Say ciao a tutti to our traveller Kashmira Chawak. She writes about gelato, Italy, her adventures and lessons while travelling solo in Italy. For all the girls – travel guide to Italy!
Image credit – pinterest
Espresso, Gelato & Cheese – Italy the stuff of my dreams
The best things happen by chance says my beloved movie character, Dory. And sappy as it sounds, this is just how Italy happened to me. I was due for an academic exchange in Lugano. Thanks to the internet that makes work from anywhere easy and budget planning through PickYourTrail, I was able to take a few weeks before my academic exchange and visit Italy. I am more of an ‘experience it’ traveller so I knew that visiting every city in the country was out of the question. While I was eager to see the majestic architecture and art that Italy is known for, I also wanted to laze by the seashore and hike the countryside.
• ROME •
Architecture Cafes Sight-seeing
Bustling with history and art, Rome represents everything Italian and was the perfect city to start my Italian holiday. From archaeological marvels like the mighty Colosseum to the beautifully carved fountain of the four rivers, there is so much the city has to offer. The best way to explore the city is on foot or hopping onto their classic tram systems. I spent my days sight-seeing and evenings at local café’s OD’ing on blissful coffee and wine.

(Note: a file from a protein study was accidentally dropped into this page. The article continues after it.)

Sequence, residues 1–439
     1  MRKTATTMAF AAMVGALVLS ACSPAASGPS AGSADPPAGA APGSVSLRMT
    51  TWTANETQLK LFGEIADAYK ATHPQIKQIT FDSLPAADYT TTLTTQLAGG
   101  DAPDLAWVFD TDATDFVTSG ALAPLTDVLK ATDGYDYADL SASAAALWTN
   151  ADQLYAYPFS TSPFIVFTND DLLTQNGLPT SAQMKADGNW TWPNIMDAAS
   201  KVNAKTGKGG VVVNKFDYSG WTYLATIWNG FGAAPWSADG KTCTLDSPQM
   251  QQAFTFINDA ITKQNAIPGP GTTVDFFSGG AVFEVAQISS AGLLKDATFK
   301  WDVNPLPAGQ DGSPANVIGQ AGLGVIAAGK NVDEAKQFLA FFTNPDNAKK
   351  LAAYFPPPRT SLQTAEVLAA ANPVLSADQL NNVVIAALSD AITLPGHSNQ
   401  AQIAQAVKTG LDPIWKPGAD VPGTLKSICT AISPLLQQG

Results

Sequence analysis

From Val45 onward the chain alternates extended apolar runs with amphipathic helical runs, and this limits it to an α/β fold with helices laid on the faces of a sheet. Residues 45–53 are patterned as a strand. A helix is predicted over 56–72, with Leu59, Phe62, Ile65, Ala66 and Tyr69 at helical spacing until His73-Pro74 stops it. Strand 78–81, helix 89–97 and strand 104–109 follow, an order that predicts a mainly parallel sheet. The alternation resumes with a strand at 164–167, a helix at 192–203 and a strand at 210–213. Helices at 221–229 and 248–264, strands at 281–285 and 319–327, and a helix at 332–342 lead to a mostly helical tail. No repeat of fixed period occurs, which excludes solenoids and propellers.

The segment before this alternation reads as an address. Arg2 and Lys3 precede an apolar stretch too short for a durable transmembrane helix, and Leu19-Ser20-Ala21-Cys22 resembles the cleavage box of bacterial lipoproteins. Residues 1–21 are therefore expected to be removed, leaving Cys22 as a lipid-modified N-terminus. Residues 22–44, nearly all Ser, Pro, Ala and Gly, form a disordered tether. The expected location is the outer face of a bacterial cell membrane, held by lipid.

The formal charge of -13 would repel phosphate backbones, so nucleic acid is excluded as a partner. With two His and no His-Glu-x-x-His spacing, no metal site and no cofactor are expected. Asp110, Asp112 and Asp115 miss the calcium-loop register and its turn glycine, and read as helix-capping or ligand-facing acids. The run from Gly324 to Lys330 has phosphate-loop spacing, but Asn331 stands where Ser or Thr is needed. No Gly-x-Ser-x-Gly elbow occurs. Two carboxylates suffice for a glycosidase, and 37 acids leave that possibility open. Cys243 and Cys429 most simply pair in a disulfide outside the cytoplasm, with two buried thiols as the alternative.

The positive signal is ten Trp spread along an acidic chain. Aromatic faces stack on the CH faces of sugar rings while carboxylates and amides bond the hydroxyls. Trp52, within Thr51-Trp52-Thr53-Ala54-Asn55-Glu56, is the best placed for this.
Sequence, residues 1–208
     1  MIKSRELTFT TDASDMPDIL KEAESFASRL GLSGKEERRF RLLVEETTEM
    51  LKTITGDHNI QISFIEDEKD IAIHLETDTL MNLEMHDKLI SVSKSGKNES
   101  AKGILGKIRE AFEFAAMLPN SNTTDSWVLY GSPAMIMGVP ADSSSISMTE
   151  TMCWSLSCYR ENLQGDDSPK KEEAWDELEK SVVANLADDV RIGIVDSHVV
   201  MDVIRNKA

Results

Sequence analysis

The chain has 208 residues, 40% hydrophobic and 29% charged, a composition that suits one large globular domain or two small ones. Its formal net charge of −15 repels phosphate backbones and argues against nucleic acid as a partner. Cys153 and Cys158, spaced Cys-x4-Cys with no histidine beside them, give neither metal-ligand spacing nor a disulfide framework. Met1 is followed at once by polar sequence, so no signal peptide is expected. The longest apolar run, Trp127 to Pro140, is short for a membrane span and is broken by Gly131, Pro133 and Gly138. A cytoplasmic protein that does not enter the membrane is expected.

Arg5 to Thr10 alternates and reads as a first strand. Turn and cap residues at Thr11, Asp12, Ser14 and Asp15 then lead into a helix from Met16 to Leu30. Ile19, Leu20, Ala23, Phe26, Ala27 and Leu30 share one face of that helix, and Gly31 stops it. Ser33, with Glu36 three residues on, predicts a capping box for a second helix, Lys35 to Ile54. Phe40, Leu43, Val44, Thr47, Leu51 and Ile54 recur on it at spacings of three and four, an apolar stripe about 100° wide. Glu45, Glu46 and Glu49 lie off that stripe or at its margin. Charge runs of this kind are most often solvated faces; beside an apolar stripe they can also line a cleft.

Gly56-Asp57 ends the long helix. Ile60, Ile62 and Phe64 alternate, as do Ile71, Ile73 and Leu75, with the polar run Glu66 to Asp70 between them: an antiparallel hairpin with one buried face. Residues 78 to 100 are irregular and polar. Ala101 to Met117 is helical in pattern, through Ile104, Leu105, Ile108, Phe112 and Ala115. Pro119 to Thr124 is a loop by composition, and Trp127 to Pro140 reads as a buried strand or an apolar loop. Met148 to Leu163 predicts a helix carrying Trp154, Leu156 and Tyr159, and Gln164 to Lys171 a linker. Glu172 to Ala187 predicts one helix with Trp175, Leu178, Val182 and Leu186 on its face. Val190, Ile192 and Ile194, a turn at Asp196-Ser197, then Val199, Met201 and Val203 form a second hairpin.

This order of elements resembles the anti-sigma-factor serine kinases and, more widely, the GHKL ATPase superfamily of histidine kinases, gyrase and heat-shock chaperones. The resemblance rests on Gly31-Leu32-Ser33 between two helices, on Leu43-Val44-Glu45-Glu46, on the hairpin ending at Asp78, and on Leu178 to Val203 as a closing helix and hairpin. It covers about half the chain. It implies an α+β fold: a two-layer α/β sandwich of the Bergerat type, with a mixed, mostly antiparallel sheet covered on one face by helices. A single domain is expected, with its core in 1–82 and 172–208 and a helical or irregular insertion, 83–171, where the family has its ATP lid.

Don’t miss out on the by lanes as they are full of surprises – cafes, shops and a lot more. I did take a day out to visit the Vatican. I do regret not spending more time there. The inspirational museums, palatial gardens and colossal buildings are bound to leave you speechless.
I don’t understand art or architecture much but every bit of Rome and the Vatican is awe inspiring. You must know that both the places are extremely touristy. It’s difficult to take a photograph without having someone intrude your frame. Usually, I shy away from visiting places that have too many people but somehow, in Rome, all the noise and the crowd, added to its charm.